potential running mate?
Clinton needs Warren on the ticket as much as Trump needs hair advice from Boris Johnson.
1145 posts • joined 10 Jun 2009
Clinton needs Warren on the ticket as much as Trump needs hair advice from Boris Johnson.
My experience in working for a US government contractor some years ago suggested that the government has excellent rules for getting a good deal on shovels, screwdrivers, and manual typewriters; applied to something changing at the rate of computer technology, they more or less guaranteed the purchase of obsolescent equipment.
Is there a comma missing, or is this a new trend that I have missed?
I can see the point of such a law--do you want that bottle of single-malt Scotch topped up with moonshine from around back? However, the element of deception seems to be missing if one is serving vodka with pickle juice in it.
"Britain is the least racist country in the world (No one berated my Dad for not singing the National Anthem - whereas in the USA, immigrants have to wrap themselves in the flag and sing louder than anyone else."
I don't remotely begin to understand this. Immigrants to the US are of all complexions and backgrounds, and except at brief periods of hysteria feel chiefly internal pressure to conform. The US is anything but a post-racial paradise. But how many cabinet members--of serious departments--of color have British governments had over the last thirty years?
"the frightful inferiority complex of the English intellectual"
I gather this is purely in respect to the continent. Americans who pay attention to the matter would rejoice to see modesty in the English intellectuals we meet, let alone an inferiority complex.
What does it mean "to support the app launch in concept only"?
Condolences to family and colleagues.
In the words of Groucho, he should drill a hole in himself and let the SAP run out.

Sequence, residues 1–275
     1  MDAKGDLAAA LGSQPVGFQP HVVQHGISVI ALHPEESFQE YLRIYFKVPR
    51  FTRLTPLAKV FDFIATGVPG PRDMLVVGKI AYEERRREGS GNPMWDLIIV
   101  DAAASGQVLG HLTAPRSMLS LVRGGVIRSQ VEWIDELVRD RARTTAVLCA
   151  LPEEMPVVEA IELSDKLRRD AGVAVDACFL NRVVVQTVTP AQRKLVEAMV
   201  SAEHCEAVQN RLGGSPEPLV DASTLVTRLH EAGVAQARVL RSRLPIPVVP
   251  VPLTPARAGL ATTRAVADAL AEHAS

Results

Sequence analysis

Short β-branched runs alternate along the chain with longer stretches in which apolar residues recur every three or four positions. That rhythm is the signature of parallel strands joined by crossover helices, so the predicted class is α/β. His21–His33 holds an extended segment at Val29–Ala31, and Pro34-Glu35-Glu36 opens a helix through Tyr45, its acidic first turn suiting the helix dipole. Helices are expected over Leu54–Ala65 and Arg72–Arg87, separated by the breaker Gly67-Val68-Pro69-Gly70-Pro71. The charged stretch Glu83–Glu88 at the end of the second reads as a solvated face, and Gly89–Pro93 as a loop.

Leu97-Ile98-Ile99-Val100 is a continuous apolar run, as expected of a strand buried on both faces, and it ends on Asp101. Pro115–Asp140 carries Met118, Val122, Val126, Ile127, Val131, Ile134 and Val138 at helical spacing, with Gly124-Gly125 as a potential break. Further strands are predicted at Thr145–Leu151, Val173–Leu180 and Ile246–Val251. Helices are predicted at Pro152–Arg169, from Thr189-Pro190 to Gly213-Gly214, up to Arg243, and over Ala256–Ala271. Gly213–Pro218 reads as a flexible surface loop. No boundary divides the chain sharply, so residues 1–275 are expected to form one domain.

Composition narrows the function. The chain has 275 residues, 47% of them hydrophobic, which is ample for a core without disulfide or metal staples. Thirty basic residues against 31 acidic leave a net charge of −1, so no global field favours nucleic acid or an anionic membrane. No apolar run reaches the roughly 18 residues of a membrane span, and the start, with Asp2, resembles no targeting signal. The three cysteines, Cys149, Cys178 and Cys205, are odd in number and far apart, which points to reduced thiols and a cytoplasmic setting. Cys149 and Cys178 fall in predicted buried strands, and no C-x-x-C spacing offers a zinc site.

"Perhaps more to the point, unless you're on LinkedIn, with a well-crafted and carefully curated profile, you're a nobody. You don't exist."
And here I thought it was the gray hair, fat, and wrinkles that made me invisible to women.
Also, does a "curated" profile have something to do with junior clergy? I am acquainted with a few such, but they are not among the people who keep pestering me to connect with them on LinkedIn.
I did not write, nor do I think, that the US political situation is satisfactory. I did say that the pace of political change in the US seems to me to be quite slow, with governing coalitions often having a lifespan around a third of a century--which means that it is about the time you'd expect the coalition identified with Reagan to be falling apart. The Republican Party seems to have no ideas beyond being even more like Reagan. The Democratic Party thinks that another Clinton is just what we need. Perhaps things will change as we Boomers disappear.
"which is the key factor in the political instability we have experienced in the U.S."
Political instability, meaning what, and over what period? The US seems to me to change its politics at a pace somewhere between glacial and geological. If on the other hand he is referring to the rise (for now) of Donald Trump, I'm not sure how much dark money has to do with that.
Is it the stress of the referendum, or perhaps a failure of the Colombian refreshments, that has cost SB his exclamation points?
No doubt his work is a cult classic.
It strikes me that maybe Eric Raymond meant to say, "With enough eyeballs, all arguments are shallow."
"enjoined the battle". If you can stop a battle with an injunction, why not call your lawyer?
I'm used to this sort of article explaining to me that DevOps is in fact a panacea. That is, it has more or less random anecdotes (COBOL guys quitting), sweeping unsupported assertions, and a tin ear for language.
"There is a way that Prince can work with Agile, said the evangelist: either the Prince methodology can change or project managers can become a rare breed and can become scrum-masters,” says Harris.
How does one become a rare breed? Refuse to reproduce? But I do like
"drift back to Waterfall"--a staple of many cartoons, no?
"waterfall clinging on tenaciously". S'ok, the spring thaw will take care of that.
"show by example". (Well, OK, that is said to have been uttered by a "business guy".)
agile antibodies in the permafrost.
Sounds good. But it seems to me from a Register story earlier in the week that Cisco got burned but good via engineers. In that case, to be sure, it wasn't money that was stolen, though Cisco may have wished it was.